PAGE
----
MEXICO CITY - Mexico's state-owned oil company Petroleos Mexicanos, or Pemex, is embarking on a three-year, $200 million program to look for shale gas at two promising sites, including an extension of the Eagle Ford shale formation in Texas, a member of Mexico's National Hydrocarbons Commission said Tuesday.
Commissioner Guillermo Dominguez said the seismic studies to be carried out are designed to determine whether the rich petroleum deposits found in shale rock formations in the U.S. extend into Mexico. He said one of the two "large blocks" to be studied is an extension of the Eagle Ford shale rock formation that runs from Texas into Mexico. The other site is just down the Gulf of Mexico near Tampico.
Mr. Dominguez said that shale gas development in Mexico will take five to eight years. In the meantime, Pemex can import cheap natural gas from the U.S. as demand rises. "If we're on the sidelines of this business for now, then it's better that we import it," he said at an energy conference.
Pemex is currently producing less natural gas than in the recent past, and importing increasing quantities of the fuel as industry clamors for cheap energy to stay competitive.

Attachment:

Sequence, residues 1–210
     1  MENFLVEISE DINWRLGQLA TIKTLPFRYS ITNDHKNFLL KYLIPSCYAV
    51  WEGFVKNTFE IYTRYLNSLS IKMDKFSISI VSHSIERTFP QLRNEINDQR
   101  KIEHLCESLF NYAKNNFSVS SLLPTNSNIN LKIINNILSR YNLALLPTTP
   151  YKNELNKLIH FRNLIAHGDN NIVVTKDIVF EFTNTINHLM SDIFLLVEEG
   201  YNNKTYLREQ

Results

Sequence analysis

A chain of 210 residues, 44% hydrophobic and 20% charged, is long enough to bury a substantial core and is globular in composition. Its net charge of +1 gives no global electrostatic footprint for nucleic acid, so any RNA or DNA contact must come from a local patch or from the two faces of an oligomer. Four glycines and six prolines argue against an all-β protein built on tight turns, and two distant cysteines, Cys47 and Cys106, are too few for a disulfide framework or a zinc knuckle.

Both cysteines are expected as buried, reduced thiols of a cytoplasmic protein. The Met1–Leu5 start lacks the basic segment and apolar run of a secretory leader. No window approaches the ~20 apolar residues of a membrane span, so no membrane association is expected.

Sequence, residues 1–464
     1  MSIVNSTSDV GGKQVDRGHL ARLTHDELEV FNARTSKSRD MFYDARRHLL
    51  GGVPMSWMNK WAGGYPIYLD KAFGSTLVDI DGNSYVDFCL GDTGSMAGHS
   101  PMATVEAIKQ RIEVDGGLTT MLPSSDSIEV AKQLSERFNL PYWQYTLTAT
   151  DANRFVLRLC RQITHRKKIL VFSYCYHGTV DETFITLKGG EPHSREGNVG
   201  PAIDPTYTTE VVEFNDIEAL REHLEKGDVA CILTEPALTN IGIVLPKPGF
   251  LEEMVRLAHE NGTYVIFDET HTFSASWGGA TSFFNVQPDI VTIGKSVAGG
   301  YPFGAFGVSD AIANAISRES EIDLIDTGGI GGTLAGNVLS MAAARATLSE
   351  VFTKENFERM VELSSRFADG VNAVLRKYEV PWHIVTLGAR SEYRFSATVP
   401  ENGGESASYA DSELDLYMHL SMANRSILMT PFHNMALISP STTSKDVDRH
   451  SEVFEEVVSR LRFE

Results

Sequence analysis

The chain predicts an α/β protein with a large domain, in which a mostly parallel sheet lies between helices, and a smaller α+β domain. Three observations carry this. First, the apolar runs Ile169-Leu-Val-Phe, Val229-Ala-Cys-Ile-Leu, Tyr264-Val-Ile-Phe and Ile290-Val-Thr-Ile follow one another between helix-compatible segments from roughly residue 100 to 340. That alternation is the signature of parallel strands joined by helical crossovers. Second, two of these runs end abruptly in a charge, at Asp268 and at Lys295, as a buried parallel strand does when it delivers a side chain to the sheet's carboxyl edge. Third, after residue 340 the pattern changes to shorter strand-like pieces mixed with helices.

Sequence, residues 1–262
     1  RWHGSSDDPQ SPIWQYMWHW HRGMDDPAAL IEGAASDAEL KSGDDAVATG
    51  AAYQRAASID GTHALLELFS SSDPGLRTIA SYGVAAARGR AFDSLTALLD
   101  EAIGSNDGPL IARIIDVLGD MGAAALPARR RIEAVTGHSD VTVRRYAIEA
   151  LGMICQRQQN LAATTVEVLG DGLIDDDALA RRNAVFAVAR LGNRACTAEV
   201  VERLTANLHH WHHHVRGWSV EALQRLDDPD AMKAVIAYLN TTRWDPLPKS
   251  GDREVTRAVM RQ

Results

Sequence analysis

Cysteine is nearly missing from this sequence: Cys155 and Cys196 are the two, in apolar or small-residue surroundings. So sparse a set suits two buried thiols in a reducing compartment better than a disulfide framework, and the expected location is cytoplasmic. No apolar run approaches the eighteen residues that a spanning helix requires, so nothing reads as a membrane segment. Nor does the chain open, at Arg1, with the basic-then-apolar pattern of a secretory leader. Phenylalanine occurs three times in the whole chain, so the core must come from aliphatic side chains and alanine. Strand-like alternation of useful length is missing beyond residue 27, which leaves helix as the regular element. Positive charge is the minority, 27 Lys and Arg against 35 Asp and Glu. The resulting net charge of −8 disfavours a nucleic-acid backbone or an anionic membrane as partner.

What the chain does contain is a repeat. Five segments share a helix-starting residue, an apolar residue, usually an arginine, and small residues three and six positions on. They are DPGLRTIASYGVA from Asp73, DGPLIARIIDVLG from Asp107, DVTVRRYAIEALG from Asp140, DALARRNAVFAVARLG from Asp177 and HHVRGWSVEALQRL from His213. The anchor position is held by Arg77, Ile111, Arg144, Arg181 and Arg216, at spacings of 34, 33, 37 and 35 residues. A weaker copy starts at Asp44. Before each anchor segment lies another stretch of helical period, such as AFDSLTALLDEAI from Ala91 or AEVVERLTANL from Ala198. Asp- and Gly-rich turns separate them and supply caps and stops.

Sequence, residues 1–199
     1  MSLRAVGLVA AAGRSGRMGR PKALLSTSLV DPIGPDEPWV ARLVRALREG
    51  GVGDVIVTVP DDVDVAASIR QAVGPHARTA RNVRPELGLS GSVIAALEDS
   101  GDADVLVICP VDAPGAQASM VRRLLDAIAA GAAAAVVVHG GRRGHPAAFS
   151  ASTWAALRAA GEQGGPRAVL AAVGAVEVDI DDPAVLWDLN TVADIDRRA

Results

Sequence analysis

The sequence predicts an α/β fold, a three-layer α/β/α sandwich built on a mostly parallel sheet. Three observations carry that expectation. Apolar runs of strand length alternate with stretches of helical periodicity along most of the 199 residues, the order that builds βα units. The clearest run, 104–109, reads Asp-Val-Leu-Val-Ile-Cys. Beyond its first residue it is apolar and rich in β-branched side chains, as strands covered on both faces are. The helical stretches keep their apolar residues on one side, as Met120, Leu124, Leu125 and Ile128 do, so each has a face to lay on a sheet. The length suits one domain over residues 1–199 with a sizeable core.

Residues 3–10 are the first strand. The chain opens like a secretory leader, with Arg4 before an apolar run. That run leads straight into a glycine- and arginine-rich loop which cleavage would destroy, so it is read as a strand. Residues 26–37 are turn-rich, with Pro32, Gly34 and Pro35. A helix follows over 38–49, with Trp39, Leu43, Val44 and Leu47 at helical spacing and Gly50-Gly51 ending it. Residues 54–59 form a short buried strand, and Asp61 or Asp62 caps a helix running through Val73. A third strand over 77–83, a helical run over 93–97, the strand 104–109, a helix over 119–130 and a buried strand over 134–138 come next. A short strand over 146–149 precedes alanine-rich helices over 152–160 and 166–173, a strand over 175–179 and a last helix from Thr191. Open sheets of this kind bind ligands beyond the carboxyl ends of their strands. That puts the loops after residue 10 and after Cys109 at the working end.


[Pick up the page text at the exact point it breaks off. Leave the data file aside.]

A shortage of natural gas in Pemex pipelines has forced the company to issue "critical alerts" and ration the fuel to industry in the central and western parts of the country as low pipeline pressure can damage the network. Mexico's Energy Ministry said it is expanding pipeline capacity in coming years so gas can move from where it is being produced to where it is needed without complications.
Mr. Dominguez, a former Pemex executive now working for the government's energy watchdog, also joined a growing chorus of voices saying that Pemex needs some fundamental changes to keep up with the demand of a growing population and a growing economy.
"Mexico needs to have an orderly debate about what it wants to do with its petroleum industry, without allowing nationalist passions to cloud our vision of the future," he said, adding that the country should take advantage of the change in administration to pursue changes.
President-Elect Enrique Pena Nieto takes office Dec. 1 and is already laying the groundwork for a variety of legal overhauls on issues like labor laws and more private participation in the energy industry.
Mr. Dominguez said that Pemex doesn't need to be privatized, but that there is room for additional players in the oil industry to help Pemex meet the country's energy needs. He said there is also nothing wrong with having more competition in the energy market and that a stronger Pemex need not fear such competition.
Copyright (c) 2012 Dow Jones & Company, Inc.
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